In the past five and a half years, Collegium Talentum has become a stronghold of Hungarian intelligentsia growing up abroad, connecting young Hungarian talent being developed in five countries with Hungary and with renowned researchers and professors in various academic fields. The fundamental goal is to inject fresh blood into Hungarian intellectuals abroad, and strengthen the academic teaching elite beyond the borders by opening up prospects to set research careers in motion. To this end, Collegium Talentum trains young people who are interested in the transmission of national values in addition to their professional careers, to become academically well-grounded and well-informed at a national and international level. The programme facilitates the co-ordinated professional development of young researchers, thus contributing to the solution of a crisis in the Hungarian elite abroad. This also means that Collegium Talentum has assumed a role in various master’s degree programmes (or from the 5th year in combined degrees) for native speakers of Hungarian, and in the preparation of postgraduate students for their doctoral degrees. In the framework of the three-year support programme, personal tutors are selected from among the professors of their respective fields to help the Collegium members in their research. There is no differentiation between disciplines during selection. The members of the Collegium are forged into a strong community and into a smart network for the Carpathian Basin in quarterly training courses that strengthen their national identity and solidarity. Collegium Talentum creates the organizational and infrastructural conditions for the Collegium members to become, alongside their university studies, members of a community building a national and academic network operating at a high standard.

Over the past five years, Collegium Talentum has fulfilled this goal. Its main achievement has been to set up a platform for young teachers and researchers in the Carpathian Basin where post-graduate history students from Oradea and Uzhgorod, microbiologists from Cluj and Bratislava, ethnographers from Szeklerland and Slovakia, or mathematicians from Vojvodina and Cluj can meet, conduct debates and encourage each another. In addition to strengthening the Hungarian identity and national connectedness of youth in Slovakia, Subcarpathia (Zakarpattia Oblast in Ukraine), Transylvania in Romania and Vojvodina in Serbia, the Collegium Talentum support programme also broadens the Hungarian scientific and social elite by encouraging them to stay in their home countries. It is already evident that young teachers and researchers who have done their doctorates with help from Collegium Talentum are present in all higher education institutions of the neighbouring countries. Selye János University, also supported by the Hungarian state, Sapientia EMTE, the Rákóczi Ferenc II Hungarian College of Subcarpathia at Beregovo and the College of Subotica are not the only examples. Babeş-Bolyai University, the Medical and Pharmaceutical University of Târgu Mureș, the Constantine the Philosopher University of Nitra, the Comenius University of Bratislava, the National University of Uzhgorod, and the Novi Sad University all have teachers who were or have been supported by Collegium Talentum.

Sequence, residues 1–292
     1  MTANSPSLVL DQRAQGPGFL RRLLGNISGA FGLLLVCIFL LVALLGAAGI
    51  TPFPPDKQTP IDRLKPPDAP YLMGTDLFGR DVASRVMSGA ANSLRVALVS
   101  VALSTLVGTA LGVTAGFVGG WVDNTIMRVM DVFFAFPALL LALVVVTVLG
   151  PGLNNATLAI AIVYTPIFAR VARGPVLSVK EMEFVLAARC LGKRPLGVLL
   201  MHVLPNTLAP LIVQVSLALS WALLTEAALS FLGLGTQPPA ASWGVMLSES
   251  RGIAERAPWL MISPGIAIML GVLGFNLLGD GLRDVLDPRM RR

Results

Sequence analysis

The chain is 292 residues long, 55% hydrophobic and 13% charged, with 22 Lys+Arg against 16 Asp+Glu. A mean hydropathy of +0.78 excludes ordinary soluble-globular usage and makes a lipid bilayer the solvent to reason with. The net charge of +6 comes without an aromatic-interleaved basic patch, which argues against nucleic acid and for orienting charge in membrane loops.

In the period between 2011 and 2015, 152 students, primarily PhD candidates, were granted Collegium Talentum support at various tertiary institutions in the Carpathian Basin, and we continue to have close and live relationships with them today, as they remain active Collegium members, many of them as members of the increasing Alumni network. Fifty four of the 152 members admitted to the Collegium have completed the full three-year cycle, and 74 students can be considered as active Collegium members. Twenty two members left the Collegium early, for professional or personal (health or family-related) reasons. One-third of the graduated Collegium members have already been admitted to the Hungarian Academy of Sciences as external members.

Collegium Membership

Collegium Talentum may have a maximum of 90 persons at a time (in three classes, 30 persons per class), plus one tutor per Collegium member. The talent management programme offers support to the members admitted to the Collegium for six terms. No postponement is allowed. During this period, the Collegium member is paid monthly stipends and is earmarked other financial support, while the tutor is paid personal support and participates in three-day training courses once a quarter.